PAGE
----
Friday, November 31, 2017, London, UK: Researchers from the Biogerontology Research Foundation , Department of Molecular Neuroscience at the Swammerdam Institute for Life Sciences at the University of Amsterdam, and the Department of Neurobiology, Care Sciences and Society at the Karolinska Institute (http://ki.se/en/startpage) announce the publication of a paper in Translational Neurodegeneration, a BioMedCentral journal, titled RNAi mechanisms in Huntington’s disease therapy: siRNA versus shRNA. After many years of development, RNAi therapeutics are nearing the clinic. There are several variants on RNAi therapeutics, such as antisense oligonucleotides (ASOs), short-hairpin RNA (shRNA), small interfering RNA (siRNA), et cetera. The researchers’ paper aimed to answer the question of why RNAi therapeutics for nucleotide repeat disorders (specifically Huntington’s, a devastating genetic neurodegenerative disease), have lost favor in recent years. After a phenomenal amount of excitement, these therapies were hindered by problems like molecular stability, dosing, and transcriptional control of the gene therapeutic construct. “We compared various RNAi-based therapeutic modalities available for the treatment of Huntington’s Disease and offered mechanistic proposals on how to break through current barriers to clinical development. One key problem has proven to be modulating the expression level of shRNA constructs, which would otherwise be the clear frontrunner among ASOs,… Read full this story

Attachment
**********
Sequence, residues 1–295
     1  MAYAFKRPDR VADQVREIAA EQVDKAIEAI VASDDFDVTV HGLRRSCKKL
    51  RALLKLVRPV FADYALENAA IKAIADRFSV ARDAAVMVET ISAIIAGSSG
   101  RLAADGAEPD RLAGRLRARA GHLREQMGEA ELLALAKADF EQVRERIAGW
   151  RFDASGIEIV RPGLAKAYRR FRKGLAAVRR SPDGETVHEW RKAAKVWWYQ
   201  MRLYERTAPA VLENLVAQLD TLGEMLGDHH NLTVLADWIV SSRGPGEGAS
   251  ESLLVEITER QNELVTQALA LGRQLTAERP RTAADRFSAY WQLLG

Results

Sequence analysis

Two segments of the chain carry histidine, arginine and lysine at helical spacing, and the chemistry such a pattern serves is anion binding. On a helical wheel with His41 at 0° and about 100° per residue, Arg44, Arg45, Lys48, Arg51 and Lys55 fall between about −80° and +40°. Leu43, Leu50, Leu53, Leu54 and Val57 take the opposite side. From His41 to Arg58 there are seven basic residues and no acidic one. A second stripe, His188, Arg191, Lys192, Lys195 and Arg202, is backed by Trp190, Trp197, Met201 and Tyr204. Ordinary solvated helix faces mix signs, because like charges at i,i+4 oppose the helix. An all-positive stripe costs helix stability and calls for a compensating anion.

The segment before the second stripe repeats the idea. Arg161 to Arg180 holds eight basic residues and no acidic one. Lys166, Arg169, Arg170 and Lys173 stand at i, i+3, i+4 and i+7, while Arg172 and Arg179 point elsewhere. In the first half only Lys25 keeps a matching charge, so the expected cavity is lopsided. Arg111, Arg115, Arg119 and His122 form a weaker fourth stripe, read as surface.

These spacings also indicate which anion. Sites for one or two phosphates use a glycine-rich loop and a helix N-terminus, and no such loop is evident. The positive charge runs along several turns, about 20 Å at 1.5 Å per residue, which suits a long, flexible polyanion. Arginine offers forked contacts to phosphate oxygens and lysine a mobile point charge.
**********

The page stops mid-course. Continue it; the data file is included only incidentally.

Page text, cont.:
- Scientists identify 'microprotein' in the brain that puts a person at a 'substantial' risk of developing Alzheimer's later in life
- Five People With Lupus Went Into Complete Remission After Immunotherapy
- The Spring Of Cryobiology: One Enabling Technology That Will Help Build The New Industry Of The Future
- Earliest Invasive Cancer Found in 3,000-Year-Old Skeleton
- NVIDIA Expands Large Language Models to Biology
BGRF and SILS scientists analyze viability of shRNA therapy for Huntington's Disease have 265 words, post on www.eurekalert.org at December 1, 2017. This is cached page on Vietnam Art News. If you want remove this page, please contact us.